Annika Sorenstam defeated Paula Creamer on the first playoff hole to win the Stanford International Pro-Am, the 71st victory of her career. Karrie Webb and Young Kim finished tied for third at -7 one shot back while Momoko Ueda was fifth at –5.
Creamer birdied 2 and 3 to quickly seize the lead as Kim birdied 2 and 4 to tie Annika for second. Sorenstam birdied 6 to tie for the lead. Webb birdied five straight holes (2-6) to move into contention. Creamer bogeyed 7 (playing one shot from the water’s edge minus one shoe and sock) to fall one shot back. YK ultimately cost herself the tournament when she double-bogeyed both 7 and 8, at the time dropping herself back to -3. Paula rejoined the lead with birdie at 9. Karrie birdied 11 and 12 (giving her seven on the day) to get within one of the lead. Annika birdied 10 to go back in front but Creamer answered with a four-footer at 11.
Now trailing by two, Webb damaged her chances with bogey at 14 but birdied 16 and just missed birdies at 17 and 18 to get in the clubhouse at -7, which would ultimately prove significant. Young Kim hadn’t given up – birdies at 10, 11 and 16 had righted her ship to -6. Another birdie try at 17 missed right but her stiff third to 18 set up a kick-in birdie to finish -7. Both YK and Karrie will get to ponder the “what-ifs” tonight.
At 13, Sorenstam pushed her par putt right to fall back to -8. Creamer was unable to can birdie putts at 14 (from seven feet) or at 16 (eight feet). At 17 Paula’s tee shot nearly found the water but she had a reasonable chipping opportunity, which she left woefully short. From about 12 feet her par attempt burned the left edge, sending the pair to 18 all tied at -8. Neither player seriously considered going for the par-5’s green in two. Annika played her third to about 10 feet above the hole while Creamer pulled hers left, leaving at least a 30-footer down a 3.5-foot slope. Paula coaxed her putt to within a foot (brilliantly played) and tapped in. Putting to win, Sorenstam’s birdie attempt curled to the right and missed.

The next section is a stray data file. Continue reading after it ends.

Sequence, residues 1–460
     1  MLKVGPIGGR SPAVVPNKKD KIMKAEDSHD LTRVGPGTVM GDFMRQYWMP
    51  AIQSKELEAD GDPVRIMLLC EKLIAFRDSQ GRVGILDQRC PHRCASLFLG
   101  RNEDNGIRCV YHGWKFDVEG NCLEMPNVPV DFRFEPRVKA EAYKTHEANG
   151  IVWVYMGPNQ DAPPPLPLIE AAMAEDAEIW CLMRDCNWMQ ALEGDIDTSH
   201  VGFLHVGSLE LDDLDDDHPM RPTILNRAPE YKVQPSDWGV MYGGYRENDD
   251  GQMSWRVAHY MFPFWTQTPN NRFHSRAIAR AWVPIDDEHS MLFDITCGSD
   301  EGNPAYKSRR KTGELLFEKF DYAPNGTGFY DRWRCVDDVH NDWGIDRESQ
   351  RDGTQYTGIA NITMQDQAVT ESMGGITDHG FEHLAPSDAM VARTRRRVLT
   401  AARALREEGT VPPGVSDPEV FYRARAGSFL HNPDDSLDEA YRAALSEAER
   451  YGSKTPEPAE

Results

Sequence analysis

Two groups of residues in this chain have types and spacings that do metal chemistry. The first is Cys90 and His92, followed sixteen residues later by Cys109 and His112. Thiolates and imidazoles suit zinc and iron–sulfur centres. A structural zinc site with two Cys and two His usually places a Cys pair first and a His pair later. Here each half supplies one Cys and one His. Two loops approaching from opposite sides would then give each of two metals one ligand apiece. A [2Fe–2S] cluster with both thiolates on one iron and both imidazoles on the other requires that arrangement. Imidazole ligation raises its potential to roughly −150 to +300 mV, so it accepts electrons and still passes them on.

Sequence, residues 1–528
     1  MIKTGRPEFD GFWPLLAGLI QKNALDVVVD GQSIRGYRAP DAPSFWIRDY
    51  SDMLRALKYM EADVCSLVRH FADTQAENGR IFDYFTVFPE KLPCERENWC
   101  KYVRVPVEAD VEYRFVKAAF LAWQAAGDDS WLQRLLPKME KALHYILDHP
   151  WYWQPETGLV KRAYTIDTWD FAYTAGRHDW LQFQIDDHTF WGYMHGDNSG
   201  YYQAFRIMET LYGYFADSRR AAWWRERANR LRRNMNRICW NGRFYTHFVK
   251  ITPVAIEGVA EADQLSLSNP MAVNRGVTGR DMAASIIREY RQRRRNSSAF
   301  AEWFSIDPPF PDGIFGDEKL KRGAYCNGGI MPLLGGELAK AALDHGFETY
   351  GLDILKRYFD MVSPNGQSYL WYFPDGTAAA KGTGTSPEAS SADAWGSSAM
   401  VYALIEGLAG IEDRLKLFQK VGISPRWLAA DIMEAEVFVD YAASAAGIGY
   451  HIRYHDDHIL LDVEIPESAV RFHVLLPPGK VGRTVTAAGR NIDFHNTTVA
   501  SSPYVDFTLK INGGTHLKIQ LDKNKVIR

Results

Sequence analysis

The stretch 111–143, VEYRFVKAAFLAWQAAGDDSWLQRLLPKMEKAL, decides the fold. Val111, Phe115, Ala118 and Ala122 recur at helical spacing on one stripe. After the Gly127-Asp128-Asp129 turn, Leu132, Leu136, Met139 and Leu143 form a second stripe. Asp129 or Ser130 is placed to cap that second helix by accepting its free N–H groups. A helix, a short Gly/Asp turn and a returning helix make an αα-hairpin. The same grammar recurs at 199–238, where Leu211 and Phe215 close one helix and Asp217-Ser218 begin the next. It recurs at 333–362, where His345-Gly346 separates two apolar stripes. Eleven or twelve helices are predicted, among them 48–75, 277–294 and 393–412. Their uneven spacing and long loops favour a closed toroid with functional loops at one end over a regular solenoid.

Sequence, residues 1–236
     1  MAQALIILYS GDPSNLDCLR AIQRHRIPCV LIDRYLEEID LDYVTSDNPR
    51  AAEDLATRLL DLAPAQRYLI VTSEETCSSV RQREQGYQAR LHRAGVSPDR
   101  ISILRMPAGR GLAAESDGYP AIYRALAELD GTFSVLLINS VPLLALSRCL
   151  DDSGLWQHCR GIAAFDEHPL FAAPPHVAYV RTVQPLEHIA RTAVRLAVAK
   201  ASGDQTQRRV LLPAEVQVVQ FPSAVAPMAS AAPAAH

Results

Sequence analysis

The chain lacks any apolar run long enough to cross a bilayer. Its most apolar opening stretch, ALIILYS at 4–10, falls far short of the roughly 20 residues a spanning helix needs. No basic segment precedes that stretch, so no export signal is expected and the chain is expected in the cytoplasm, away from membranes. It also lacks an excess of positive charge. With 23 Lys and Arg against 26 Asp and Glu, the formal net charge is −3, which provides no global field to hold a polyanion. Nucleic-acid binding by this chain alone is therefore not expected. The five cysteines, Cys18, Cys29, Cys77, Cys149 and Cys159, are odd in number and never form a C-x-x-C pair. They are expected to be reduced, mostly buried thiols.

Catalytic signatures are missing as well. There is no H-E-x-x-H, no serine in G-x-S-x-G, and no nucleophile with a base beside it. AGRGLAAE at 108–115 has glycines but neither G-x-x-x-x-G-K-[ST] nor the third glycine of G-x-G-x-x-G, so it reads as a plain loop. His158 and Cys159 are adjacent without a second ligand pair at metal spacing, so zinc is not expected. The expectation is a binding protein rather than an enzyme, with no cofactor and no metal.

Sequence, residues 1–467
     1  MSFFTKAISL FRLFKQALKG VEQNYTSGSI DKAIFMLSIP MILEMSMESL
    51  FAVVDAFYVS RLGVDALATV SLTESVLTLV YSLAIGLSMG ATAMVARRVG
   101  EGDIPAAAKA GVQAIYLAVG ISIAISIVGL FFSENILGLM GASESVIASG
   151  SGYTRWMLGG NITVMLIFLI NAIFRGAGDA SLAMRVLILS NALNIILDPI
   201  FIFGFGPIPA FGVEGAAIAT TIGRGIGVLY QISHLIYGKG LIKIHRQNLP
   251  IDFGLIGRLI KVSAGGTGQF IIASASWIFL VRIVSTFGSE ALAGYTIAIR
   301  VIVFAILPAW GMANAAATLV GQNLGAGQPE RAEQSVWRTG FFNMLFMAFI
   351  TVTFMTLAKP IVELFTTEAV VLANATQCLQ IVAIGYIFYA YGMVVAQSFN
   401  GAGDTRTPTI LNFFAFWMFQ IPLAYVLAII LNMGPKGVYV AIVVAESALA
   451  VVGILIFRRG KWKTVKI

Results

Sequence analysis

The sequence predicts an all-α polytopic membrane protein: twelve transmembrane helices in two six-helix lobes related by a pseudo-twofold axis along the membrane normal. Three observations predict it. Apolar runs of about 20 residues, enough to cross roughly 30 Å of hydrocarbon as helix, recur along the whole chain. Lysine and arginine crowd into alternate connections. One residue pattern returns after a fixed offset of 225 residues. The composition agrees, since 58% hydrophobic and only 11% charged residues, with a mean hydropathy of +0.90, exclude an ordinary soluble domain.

Replaying the 18th for the first playoff hole, each player’s first two shots were mirror images of 20 minutes earlier. Creamer’s third went right over the flag, but landed in the fringe about 18 feet away. Annika put hers in almost the same spot she had previously, but this time was only about 8 feet up the hill. Paula’s putt bounced off the fringe and rolled nearly seven feet past the hole. Again with a putt to win, Annika played more break this time and it curled around the hole, again failing to fall. Putting uphill, Creamer’s par attempt stopped two inches short and Sorenstam had won.
Not only did ESPN get an exciting duel and playoff showdown, they got it between the two players in the field whom they probably would have hand-picked for it had they gotten the chance (ok, maybe they would have picked Gulbis instead of Annika). First one of these we’ve seen this year and I was starting to miss them – no offense, Lorena. Those other kind of finishes make for dull final-round recaps.
Kudos to Young Kim for not tanking after the two doubles, to Angela Park and Seon Hwa Lee for carding 69s and finishing T6, Lindsey Wright for posting 65 (which would have been the Round of the Day if not for Webb) and Jane Park, whose 66 got her to T12. Cristie Kerr dropped five shots in five holes on the back nine and wound up T6. Dorothy Delasin couldn’t hold it together – she put up 79 and fell to T39. Ueda seems to be back on track after a few weeks’ lull (maybe she was that Asian player Larry was talking about!).
Grace Park shot 70 today to finish T20. It wasn’t the ending I was hoping for, but I hope she takes as many positives from the performance as I did. The big numbers have been Grace’s bane the last couple of years and she only took one (a double) in 72 holes in an event that battered many of her peers. Her 73 on Saturday was her highest round of the week. Go get ‘em at Tulsa.